Accessibility links

Desperate Measures Offered to Shore Up Democracy in Cambodia


FILE - In this Feb. 3, 2017 file photo, Sen. Ted Cruz, R-Texas, departs the Senate chamber on Capitol Hill in Washington.

Western powers and institutions trying to halt Cambodia’s slide into outright dictatorship are grasping at desperate last ditch options as anti-foreign sentiment becomes an increasing focus of the country’s state media.

U.S. Senator Ted Cruz stepped into the fracas on Tuesday threatening consequences if jailed opposition leader Kem Sokha is not released.

“If your prime minister does not release Kem Sokha by November 9th, I will work with my colleagues in Congress and in the Trump administration to see that specified government officials responsible for these actions are prevented from traveling to the United States,” Cruz said in a statement.


Voter registration for next year’s national election ends Nov. 9, with the government moving to dissolve its only credible opponent — the Cambodia National Rescue Party (CNRP).

The United States already placed visa restrictions on a number of Cambodian Foreign Ministry officials and their families in September, though officially in response to a separate concern.

Cabinet spokesman Phay Siphan said the statement by Cruz was to his knowledge the most senior intervention from a U.S. figure so far, but not very concerning.

“The foreign policy made by President Donald Trump, he stopped all interference to another country, to another nation, so the statement from Ted contradicts to his own president,” he said.

Trump has declared that the days of U.S. nation-building in foreign countries are over, prompting some analysts to argue that authoritarian rulers around the world have been emboldened to dismantle democratic institutions.

FILE - Opposition party Cambodia National Rescue Party (CNRP) President Kem Sokha adressess party supporters during the party's political congress in Phnom Penh, Cambodia, March 2, 2017.
FILE - Opposition party Cambodia National Rescue Party (CNRP) President Kem Sokha adressess party supporters during the party's political congress in Phnom Penh, Cambodia, March 2, 2017.

Kem Sokha, along with exiled former leader Sam Rainsy and more the 50 civil society organizations, called earlier this week for Indonesia and France to reconvene a meeting of the parties to the Paris Peace Accords — a document that set out the democratic foundations for Cambodia’s 1993 elections.

Phil Robertson, deputy Asia director of co-signatory Human Rights Watch, said the group is pursuing last-ditch ideas like this because the dissolution of the opposition Cambodia National Rescue Party ahead of next year’s elections is now being presented as a “fait accompli.”

A general view of the National Assembly of Cambodia, in central Phnom Penh, Oct. 12, 2017.
A general view of the National Assembly of Cambodia, in central Phnom Penh, Oct. 12, 2017.

“If it turns out that the CNRP is dissolved, then the first step has to be that the Europeans and the Japanese need to suspend any sort of aid and assistance to this election, to drop the whole idea of having international observers, and basically walk away,” he said.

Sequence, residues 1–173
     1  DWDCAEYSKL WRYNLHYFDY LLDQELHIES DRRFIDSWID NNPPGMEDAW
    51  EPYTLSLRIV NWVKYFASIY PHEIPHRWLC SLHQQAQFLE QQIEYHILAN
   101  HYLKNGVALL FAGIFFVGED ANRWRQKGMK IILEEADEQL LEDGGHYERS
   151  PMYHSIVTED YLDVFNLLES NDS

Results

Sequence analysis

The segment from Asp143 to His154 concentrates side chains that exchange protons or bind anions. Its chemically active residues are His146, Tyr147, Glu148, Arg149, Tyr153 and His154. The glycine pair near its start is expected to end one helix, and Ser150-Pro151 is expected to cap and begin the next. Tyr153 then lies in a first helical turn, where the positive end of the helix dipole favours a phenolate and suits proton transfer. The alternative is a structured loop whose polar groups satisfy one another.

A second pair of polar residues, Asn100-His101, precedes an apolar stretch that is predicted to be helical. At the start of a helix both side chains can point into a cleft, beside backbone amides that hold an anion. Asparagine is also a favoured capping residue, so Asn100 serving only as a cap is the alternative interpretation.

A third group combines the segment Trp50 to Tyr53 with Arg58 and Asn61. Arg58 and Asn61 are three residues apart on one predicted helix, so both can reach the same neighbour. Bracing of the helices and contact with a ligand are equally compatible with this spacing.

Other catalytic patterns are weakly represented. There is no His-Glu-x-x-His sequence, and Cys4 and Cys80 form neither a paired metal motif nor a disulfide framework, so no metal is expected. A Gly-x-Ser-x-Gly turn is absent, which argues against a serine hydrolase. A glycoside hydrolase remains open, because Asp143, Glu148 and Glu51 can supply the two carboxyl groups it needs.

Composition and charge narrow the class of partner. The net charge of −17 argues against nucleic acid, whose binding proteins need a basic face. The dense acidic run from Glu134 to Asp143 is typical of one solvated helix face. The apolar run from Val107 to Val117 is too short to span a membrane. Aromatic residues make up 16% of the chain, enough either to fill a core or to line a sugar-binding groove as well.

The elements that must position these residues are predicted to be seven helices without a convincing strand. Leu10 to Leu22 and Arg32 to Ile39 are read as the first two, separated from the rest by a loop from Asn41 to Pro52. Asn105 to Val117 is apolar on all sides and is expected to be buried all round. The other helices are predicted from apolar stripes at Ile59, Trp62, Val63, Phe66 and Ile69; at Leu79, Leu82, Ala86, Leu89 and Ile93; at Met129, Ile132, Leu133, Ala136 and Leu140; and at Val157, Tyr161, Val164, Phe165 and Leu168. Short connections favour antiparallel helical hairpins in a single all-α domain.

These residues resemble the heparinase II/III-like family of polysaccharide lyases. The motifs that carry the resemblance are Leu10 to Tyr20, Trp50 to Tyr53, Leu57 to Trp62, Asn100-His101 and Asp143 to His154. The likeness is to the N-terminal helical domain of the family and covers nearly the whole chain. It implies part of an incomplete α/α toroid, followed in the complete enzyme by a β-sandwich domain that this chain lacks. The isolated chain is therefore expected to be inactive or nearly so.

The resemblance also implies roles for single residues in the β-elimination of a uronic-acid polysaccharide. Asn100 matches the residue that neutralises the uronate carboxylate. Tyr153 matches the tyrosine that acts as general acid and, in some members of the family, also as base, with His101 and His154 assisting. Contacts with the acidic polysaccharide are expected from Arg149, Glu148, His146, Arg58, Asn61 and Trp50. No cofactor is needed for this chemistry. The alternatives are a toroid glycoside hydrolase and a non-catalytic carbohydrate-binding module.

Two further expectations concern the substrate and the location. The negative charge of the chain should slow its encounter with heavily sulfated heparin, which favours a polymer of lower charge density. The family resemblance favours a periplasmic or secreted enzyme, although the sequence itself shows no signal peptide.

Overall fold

Robertson said the next step after that would be to impose global Magnitsky-type sanctions that would target top members of the CPP and the military.

The Magnitsky Act is a punitive U.S. mechanism that allows the executive branch to freeze the assets of suspected human rights abusers held in United States banks, block their access to the financial system and ban them from entering the country.

It was originally passed in 2012 to punish Russian officials and businessmen related to the murder of a corruption investigator but was expanded globally in 2016.

“We’ll take Cambodia back to the pre [1992] arrangements where they were a pariah state,” Robertson threatened in reference to Cambodia’s post-Khmer Rouge standing before a U.N. intervention force was launched to implement democratic elections.

Souring climate

Cambodians working in human rights or independent media have long braved threats and intimidation, an atmosphere that is now looming over foreigners as well.

A conspiracy narrative that state media has been building for months — accusing various government critics of a treasonous plot to launch a color revolution — is expanding on a daily basis to incorporate increasingly unlikely targets, sowing seeds of paranoia far and wide.

National Police training materials revealed by The Phnom Penh Post on Tuesday present charts implicating three micro-finance institutions as well as some 300 organizations, both local and international, in the alleged plot.

State TV has been broadcasting similar accusations through a 46-minute video that often parrots globalist conspiracy narratives popular with far-right movements in the United States.

Media outlets including Voice of America, Radio Free Asia, Voice of Democracy, the Cambodia Daily and The Phnom Penh Post have been accused of abetting the conspirators.

Though the United States has been presented as the principal instigator of such a conspiracy, the European Union is emerging as a target as well.

Leaders of the U.S. and EU business communities unanimously declined to comment for this article.

XS
SM
MD
LG